By Sir Richard Francis Burton (Translator)
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Extra info for 1001 Arabian Nights - Volume 8
Now when his sister heard these words and saw his condition and how he lay fainting on the floor, she screamed and beat her face and the other Princesses hearing her scream came out and learning his misfortune and the transport of love and longing and the passion and distraction that possessed him they questioned him of his case. He wept and told them what had befallen in his absence and how his wife had taken flight with her children, wherefore they grieved for him and asked him what she said at leave-taking.
Longing for him, the Spring-camp's dust I kissed and kissed, * But this bred more of grief and galling reverie. God guard the gone, who in our hearts must e'er abide * With nearing woes and joys which still the farther flee. ' But they bore it all away: * On parting-day, and left me naught save tormentry. ' To whom shall turn I? hope in whom when you are lost? * Who were my only hopes and joys and woes of me? But ah, the pang of home-return when parting thus! * How joyed at seeing me return mine enemy.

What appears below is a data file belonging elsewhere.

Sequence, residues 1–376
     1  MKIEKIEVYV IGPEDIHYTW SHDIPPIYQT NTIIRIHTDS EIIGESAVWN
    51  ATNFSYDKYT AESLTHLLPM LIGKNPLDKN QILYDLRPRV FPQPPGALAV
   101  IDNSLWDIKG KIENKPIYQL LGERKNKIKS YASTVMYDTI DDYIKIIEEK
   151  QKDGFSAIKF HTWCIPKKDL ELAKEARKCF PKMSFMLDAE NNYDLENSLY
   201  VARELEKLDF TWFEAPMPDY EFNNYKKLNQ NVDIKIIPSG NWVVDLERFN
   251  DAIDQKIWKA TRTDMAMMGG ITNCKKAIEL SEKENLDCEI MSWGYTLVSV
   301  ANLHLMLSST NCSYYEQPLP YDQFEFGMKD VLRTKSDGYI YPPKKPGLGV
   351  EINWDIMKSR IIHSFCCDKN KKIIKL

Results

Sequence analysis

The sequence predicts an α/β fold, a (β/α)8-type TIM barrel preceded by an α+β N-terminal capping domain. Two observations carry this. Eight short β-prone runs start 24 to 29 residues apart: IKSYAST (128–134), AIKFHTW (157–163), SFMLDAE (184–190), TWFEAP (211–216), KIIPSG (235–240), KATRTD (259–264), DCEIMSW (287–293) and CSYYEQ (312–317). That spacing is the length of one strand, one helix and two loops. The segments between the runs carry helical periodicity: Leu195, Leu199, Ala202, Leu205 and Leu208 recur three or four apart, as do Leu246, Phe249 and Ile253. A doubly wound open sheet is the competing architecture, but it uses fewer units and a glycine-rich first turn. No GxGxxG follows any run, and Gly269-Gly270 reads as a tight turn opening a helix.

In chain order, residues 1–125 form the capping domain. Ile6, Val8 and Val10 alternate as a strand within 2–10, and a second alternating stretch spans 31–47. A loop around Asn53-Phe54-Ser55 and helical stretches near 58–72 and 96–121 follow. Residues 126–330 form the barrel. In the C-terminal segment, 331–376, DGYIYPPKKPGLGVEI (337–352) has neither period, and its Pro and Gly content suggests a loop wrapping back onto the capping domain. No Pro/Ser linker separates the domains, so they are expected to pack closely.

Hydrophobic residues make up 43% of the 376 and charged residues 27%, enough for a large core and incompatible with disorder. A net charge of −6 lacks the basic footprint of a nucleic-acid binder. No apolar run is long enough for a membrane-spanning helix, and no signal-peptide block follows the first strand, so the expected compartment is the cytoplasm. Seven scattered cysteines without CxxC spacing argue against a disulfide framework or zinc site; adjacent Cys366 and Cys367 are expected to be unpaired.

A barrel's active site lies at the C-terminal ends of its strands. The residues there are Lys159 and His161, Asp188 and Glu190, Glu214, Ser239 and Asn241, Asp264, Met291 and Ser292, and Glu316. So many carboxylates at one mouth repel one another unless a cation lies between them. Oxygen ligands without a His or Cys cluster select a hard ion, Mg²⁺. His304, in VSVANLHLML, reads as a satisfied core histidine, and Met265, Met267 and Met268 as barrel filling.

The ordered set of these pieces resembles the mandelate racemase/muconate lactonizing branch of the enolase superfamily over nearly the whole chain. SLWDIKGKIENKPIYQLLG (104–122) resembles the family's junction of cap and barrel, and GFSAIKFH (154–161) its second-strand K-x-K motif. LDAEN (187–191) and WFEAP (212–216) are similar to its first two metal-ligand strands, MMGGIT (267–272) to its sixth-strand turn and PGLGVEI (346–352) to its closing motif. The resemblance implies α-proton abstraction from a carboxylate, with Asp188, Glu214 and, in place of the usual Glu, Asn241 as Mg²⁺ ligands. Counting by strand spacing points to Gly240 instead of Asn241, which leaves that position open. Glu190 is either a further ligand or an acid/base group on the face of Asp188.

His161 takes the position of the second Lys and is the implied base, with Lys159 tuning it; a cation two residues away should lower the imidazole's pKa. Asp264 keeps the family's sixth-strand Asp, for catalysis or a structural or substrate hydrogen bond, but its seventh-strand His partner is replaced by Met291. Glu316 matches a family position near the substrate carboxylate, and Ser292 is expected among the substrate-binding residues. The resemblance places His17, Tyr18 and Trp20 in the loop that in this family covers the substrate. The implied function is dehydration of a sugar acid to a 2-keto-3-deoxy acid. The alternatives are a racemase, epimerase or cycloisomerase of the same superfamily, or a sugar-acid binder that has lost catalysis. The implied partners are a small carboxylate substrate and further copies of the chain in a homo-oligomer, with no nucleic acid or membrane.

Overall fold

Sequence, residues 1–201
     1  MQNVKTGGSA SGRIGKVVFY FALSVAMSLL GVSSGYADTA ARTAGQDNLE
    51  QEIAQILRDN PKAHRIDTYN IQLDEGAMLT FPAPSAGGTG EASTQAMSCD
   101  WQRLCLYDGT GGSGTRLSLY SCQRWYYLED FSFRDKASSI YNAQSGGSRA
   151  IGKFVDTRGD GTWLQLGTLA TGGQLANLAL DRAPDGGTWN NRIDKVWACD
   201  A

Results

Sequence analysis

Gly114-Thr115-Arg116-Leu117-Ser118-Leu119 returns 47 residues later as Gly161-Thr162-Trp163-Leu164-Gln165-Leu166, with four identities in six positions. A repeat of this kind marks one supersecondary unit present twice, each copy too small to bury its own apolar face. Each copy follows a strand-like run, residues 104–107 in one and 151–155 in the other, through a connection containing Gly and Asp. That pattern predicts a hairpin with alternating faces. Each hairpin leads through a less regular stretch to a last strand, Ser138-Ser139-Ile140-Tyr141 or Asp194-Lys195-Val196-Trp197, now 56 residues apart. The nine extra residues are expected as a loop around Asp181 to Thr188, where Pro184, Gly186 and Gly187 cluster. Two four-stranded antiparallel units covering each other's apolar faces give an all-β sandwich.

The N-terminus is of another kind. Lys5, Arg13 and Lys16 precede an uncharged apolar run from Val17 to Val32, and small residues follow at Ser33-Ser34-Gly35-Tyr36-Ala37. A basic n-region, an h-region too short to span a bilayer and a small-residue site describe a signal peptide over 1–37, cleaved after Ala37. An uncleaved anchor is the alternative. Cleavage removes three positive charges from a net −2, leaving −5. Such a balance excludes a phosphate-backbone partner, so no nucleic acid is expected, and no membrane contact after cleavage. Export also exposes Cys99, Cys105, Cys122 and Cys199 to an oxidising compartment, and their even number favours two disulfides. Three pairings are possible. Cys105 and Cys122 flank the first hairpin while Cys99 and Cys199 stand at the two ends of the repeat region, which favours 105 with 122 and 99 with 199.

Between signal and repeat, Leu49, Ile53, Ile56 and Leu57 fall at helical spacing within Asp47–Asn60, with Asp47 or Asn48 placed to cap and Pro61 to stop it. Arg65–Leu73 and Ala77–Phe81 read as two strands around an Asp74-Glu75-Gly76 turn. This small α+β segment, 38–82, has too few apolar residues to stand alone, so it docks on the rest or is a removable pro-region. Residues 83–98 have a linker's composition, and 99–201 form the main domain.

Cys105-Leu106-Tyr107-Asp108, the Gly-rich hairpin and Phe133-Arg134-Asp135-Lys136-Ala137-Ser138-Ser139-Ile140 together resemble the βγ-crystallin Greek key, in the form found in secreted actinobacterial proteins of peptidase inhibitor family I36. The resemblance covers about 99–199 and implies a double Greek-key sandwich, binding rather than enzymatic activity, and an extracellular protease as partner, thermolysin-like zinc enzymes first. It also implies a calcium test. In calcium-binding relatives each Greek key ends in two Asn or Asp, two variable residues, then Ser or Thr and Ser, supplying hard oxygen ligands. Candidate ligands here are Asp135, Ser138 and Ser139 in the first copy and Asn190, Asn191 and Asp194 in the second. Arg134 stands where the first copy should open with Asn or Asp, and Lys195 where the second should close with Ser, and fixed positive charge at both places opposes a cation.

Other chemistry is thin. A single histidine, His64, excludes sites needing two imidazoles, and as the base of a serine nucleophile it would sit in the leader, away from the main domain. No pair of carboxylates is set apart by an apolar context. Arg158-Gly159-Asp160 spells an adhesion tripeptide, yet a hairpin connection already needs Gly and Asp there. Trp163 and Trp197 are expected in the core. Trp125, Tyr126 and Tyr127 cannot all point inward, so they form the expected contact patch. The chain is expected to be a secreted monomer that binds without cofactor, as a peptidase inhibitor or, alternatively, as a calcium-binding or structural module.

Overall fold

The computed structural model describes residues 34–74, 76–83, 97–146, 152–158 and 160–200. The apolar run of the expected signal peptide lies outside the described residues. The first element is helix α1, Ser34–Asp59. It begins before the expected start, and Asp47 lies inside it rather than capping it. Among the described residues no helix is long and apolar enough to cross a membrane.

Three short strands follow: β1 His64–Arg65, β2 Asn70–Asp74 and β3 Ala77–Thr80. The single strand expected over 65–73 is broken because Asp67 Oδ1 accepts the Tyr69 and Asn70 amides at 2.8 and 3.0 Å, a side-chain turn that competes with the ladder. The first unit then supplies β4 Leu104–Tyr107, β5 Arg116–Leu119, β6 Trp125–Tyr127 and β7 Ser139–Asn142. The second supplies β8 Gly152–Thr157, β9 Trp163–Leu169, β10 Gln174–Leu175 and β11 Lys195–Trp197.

And Hasan arose and kissed Abu al-Ruwaysh's feet and raising the hem of his garment laid it on his head, weeping and crying. " Quoth he, "This wilful youth weeteth not what he undertaketh; but Inshallah! " When Hasan heard the Shaykh's word he rejoiced and kissed the hands of the five elders, one after other, imploring their aidance.